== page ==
Consider the following anticipatory guidance (verbal reassurance) in order to reduce anxiety, set realistic expectations, promote recovery, and prevent re-injury: 

  • Most patients recover fully from concussion even though the recovery rate is variable and unpredictable.
  • Current symptoms are expected and common.
  • The burden and distress parents/caregivers of children/adolescents who have sustained a concussion may experience is common.
  • Children typically recover in 1-4 weeks but some children/adolescents will have symptoms at one month and beyond and need to be monitored/seek additional care. Females aged 13-18 years have an increased risk of prolonged recovery.
  • Recommendation 2.3 Recommend graduated return to physical and cognitive activity
  • Return to school should be step-wise as soon as the student is able and include temporary academic modifications based on the student’s symptoms. See Domain 12: Return-to-School and Work for more recommendations and a list of return to school resources.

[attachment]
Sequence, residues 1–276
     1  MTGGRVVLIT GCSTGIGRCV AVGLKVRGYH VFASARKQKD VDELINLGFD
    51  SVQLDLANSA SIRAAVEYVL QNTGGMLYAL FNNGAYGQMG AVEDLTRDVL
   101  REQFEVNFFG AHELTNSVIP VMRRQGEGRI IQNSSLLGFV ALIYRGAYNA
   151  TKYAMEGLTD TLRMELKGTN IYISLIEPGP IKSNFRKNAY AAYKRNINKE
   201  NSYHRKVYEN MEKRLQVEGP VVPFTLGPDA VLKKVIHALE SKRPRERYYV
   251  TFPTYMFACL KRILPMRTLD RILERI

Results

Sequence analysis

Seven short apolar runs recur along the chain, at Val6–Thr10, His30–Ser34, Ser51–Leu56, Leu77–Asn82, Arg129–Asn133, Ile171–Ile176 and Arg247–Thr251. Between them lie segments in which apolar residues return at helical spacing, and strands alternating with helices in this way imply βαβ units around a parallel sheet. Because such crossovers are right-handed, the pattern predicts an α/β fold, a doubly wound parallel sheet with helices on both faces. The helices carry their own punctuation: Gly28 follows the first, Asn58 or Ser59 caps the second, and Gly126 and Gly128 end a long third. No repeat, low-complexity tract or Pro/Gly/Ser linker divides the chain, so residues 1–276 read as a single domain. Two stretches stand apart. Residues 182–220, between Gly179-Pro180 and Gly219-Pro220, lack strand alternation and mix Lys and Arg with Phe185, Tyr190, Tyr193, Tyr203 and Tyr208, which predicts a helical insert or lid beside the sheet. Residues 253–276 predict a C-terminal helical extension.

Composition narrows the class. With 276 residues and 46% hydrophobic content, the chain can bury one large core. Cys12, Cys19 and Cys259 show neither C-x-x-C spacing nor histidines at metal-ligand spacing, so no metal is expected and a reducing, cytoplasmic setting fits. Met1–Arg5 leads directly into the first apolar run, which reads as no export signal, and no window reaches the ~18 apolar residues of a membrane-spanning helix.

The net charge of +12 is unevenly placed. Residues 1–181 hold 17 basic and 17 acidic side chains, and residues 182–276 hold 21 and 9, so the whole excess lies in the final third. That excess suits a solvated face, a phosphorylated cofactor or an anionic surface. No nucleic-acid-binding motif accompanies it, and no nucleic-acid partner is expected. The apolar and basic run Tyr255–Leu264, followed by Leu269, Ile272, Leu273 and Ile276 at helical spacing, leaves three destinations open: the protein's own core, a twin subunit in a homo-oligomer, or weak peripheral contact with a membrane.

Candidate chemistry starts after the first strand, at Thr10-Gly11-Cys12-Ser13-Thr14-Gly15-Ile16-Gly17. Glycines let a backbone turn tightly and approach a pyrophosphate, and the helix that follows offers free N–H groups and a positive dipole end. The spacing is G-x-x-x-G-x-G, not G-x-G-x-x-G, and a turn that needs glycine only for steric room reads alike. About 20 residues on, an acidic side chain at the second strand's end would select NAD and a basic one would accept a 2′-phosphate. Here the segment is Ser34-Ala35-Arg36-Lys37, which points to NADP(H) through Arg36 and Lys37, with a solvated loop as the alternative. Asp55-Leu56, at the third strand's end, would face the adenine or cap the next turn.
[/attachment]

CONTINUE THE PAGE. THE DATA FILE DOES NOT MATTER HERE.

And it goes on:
Summary of online tools to consider related to lifestyle strategies and expectations:

3.3

Encourage patients with post-concussion symptoms to engage in cognitive activity and low-risk physical activity as soon as tolerated while staying below their symptom-exacerbation thresholds. Activities that pose no/low risk of sustaining a concussion (no risk of contact, collision, or falling) should be resumed even if mild residual symptoms are present or whenever acute symptoms improve sufficiently to permit activity. Level of Evidence: Gradual Return to physical activity aerobic exercise treatment.Gradual return to cognitive activity. See Recommendation 2.3.